Articles written in Journal of Astrophysics and Astronomy
Volume 21 Issue 3-4 September 2000 pp 229-232
In this paper we present complete two-dimensional measurements of the observed brightness of the 9th November 1990
Volume 27 Issue 2-3 June 2006 pp 56a-56b
Volume 27 Issue 2-3 June 2006 pp 267-276
We observed 4B/X17.2 flare in Hα from super-active region NOAA 10486 at ARIES, Nainital. This is one of the largest flares of current solar cycle 23, which occurred near the Sun’s center and produced extremely energetic emission almost at all wavelengths from γ-ray to radio-waves. The flare is associated with a bright/fast full-halo earth directed CME, strong type II, type III and type IV radio bursts, an intense proton event and GLE. This flare is well observed by SOHO, RHESSI and TRACE. Our Hα observations show the stretching/de-twisting and eruption of helically twisted S shaped (sigmoid) filament in the south-west direction of the active region with bright shock front followed by rapid increase in intensity and area of the gigantic flare. The flare shows almost similar evolution in Hα, EUV and UV. We measure the speed of Hα ribbon separation and the mean value is ∼ 70 km s-1. This is used together with photospheric magnetic field to infer a magnetic reconnection rate at three HXR sources at the flare maximum. In this paper, we also discuss the energetics of active region filament, flare and associated CME.
Volume 27 Issue 2-3 June 2006 pp 347-352
Here we present a preliminary analysis of a helical eruptive prominence at the east limb of the Sun on 21 April 2001. Unusually this eruption is associated with a double CME. We have tried to study the morphology of the event, energy budget of the prominence and associated CMEs. Our analysis shows that the prominence and first CME started simultaneously from the limb and prominence carries sufficient energy to feed both the CMEs. Moreover, it is also concluded that CMEs are magnetically driven and internally powered.
Volume 36 Issue 1 March 2015 pp 157-184
In the early 1990s, it was found that the strongest disturbances of the space–weather were associated with huge ejections of plasma from the solar corona, which took the form of magnetic clouds when moved from the Sun. It is the collisions of the magnetic clouds with the Earth's magnetosphere that lead to strong, sometimes catastrophic changes in space–weather. The onset of a coronal mass ejection (CME) is sudden and no reliable forerunners of CMEs have been found till date. The CME prediction methodologies are less developed compared to the methods developed for the prediction of solar flares. The most probable initial magnetic configuration of a CME is a flux rope consisting of twisted field lines which fill the whole volume of a dark coronal cavity. The flux ropes can be in stable equilibrium in the coronal magnetic field for weeks and even months, but suddenly they lose their stability and erupt with high speed. Their transition to the unstable phase depends on the parameters of the flux rope (i.e., total electric current, twist, mass loading, etc.), as well as on the properties of the ambient coronal magnetic field. One of the major governing factors is the vertical gradient of the coronal magnetic field, which is estimated as decay index (𝑛). Cold dense prominence material can be collected in the lower parts of the helical flux tubes. Filaments are, therefore, good tracers of the flux ropes in the corona, which become visible long before the beginning of the eruption. The perspectives of the filament eruptions and following CMEs can be estimated by a comparison of observed filament heights with calculated decay index distributions. The present paper reviews the formation of magnetic flux ropes, their stable and unstable phases, eruption conditions, and also discusses their physical implications in the solar corona.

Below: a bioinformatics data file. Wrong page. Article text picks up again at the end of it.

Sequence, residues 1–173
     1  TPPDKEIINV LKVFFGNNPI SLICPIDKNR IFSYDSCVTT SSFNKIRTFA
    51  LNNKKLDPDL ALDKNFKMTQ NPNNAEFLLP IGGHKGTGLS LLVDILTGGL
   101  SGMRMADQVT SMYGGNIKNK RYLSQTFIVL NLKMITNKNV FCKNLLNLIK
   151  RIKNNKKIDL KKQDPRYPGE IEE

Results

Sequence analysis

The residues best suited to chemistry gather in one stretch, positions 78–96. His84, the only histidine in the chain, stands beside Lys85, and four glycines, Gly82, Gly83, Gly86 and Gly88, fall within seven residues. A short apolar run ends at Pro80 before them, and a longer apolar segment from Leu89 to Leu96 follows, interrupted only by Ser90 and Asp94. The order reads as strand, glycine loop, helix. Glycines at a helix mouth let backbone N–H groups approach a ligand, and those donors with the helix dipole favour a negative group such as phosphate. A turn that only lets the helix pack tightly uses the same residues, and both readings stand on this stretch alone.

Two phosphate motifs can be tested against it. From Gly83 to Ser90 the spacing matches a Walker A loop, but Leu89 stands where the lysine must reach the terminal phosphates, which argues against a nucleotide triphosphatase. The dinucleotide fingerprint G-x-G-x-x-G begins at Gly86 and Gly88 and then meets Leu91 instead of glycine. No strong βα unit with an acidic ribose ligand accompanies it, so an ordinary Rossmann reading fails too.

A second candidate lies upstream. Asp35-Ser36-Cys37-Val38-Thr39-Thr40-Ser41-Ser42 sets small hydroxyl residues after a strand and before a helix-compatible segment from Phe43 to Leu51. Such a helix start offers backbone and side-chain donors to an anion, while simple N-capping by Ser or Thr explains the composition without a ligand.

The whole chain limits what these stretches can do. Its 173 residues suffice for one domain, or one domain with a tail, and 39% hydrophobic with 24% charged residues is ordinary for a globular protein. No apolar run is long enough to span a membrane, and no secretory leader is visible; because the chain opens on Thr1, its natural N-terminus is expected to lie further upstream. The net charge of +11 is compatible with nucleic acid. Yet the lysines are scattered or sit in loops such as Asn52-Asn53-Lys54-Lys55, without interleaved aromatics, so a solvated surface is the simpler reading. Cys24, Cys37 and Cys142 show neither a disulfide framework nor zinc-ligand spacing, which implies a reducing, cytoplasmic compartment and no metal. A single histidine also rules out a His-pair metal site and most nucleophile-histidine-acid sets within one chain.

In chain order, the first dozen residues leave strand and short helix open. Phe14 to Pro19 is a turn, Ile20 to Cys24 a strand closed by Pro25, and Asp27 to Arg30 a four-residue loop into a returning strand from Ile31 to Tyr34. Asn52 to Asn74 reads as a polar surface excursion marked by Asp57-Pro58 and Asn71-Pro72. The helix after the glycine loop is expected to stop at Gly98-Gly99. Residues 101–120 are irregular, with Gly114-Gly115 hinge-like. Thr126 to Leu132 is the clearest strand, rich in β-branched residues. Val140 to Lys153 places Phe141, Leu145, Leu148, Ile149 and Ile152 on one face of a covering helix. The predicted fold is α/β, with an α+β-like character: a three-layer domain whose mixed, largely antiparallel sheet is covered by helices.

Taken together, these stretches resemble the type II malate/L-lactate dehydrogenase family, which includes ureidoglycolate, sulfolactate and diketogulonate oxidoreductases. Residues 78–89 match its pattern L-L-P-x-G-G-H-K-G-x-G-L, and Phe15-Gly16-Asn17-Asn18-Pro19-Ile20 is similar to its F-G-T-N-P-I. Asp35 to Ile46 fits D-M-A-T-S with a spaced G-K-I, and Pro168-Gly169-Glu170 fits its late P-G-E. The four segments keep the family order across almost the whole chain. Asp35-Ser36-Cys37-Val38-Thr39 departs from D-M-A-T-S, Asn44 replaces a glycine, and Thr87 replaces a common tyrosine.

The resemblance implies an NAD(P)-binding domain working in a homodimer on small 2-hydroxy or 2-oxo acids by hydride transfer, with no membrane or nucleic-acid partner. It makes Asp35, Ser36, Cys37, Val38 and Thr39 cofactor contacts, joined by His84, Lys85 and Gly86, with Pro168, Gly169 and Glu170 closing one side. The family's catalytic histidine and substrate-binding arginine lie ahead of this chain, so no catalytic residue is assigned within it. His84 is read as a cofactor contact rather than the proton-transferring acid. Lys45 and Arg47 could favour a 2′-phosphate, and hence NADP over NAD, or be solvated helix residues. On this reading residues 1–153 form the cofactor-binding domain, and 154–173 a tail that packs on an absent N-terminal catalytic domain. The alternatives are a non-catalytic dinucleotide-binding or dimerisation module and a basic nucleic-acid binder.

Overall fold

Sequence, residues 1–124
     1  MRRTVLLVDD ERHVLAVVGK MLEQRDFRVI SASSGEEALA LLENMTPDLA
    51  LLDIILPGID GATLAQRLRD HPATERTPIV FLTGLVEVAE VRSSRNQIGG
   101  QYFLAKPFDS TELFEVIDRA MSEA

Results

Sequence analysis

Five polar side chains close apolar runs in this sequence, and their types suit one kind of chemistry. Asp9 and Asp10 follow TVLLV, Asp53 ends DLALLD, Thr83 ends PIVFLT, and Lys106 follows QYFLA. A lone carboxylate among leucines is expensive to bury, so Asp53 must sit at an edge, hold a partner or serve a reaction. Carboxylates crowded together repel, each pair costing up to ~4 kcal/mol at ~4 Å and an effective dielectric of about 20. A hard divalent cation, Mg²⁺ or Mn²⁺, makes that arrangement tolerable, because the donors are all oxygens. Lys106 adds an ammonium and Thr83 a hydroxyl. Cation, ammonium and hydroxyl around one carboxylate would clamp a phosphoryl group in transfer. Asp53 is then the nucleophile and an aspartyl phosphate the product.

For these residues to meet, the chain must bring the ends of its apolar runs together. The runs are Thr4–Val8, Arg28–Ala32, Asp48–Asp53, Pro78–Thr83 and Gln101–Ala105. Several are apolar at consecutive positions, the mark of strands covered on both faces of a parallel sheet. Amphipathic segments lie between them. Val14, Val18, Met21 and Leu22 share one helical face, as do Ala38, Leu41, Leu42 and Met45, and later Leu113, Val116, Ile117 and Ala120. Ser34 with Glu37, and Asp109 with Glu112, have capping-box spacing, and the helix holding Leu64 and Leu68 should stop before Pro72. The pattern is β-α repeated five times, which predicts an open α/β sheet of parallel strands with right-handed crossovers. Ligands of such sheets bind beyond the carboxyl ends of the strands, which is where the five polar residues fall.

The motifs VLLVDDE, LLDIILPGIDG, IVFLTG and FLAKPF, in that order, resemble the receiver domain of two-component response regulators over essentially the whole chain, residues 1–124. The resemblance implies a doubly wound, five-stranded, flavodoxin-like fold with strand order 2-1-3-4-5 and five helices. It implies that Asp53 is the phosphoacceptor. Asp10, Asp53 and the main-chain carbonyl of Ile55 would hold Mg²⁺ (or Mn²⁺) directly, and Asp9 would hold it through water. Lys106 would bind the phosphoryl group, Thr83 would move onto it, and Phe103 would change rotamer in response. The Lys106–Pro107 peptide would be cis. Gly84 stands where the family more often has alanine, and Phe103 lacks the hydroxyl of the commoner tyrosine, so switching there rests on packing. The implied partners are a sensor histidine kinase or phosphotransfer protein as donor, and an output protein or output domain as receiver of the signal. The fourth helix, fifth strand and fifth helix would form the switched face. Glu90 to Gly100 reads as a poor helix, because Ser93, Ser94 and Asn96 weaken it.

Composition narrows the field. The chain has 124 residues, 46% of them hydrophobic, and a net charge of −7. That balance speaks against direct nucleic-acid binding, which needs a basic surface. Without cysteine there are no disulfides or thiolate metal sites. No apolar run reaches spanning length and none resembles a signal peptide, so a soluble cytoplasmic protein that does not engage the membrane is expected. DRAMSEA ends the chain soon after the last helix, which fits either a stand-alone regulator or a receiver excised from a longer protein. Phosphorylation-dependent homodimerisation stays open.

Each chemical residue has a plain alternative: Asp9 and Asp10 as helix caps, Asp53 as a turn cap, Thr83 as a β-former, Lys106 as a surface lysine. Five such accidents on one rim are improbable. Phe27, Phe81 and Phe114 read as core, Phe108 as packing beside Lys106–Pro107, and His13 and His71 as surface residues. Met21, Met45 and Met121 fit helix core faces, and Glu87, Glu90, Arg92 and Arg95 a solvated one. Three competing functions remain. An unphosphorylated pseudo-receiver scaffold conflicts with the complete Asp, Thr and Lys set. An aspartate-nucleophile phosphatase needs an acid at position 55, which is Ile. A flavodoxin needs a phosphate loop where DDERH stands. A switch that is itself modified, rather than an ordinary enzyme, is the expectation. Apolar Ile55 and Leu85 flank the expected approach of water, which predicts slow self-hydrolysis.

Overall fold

Volume 40 | Issue 6
Since January 2016, the Journal of Astrophysics and Astronomy has moved to Continuous Article Publishing (CAP) mode. This means that each accepted article is being published immediately online with DOI and article citation ID with starting page number 1. Articles are also visible in Web of Science immediately. All these have helped shorten the publication time and have improved the visibility of the articles.
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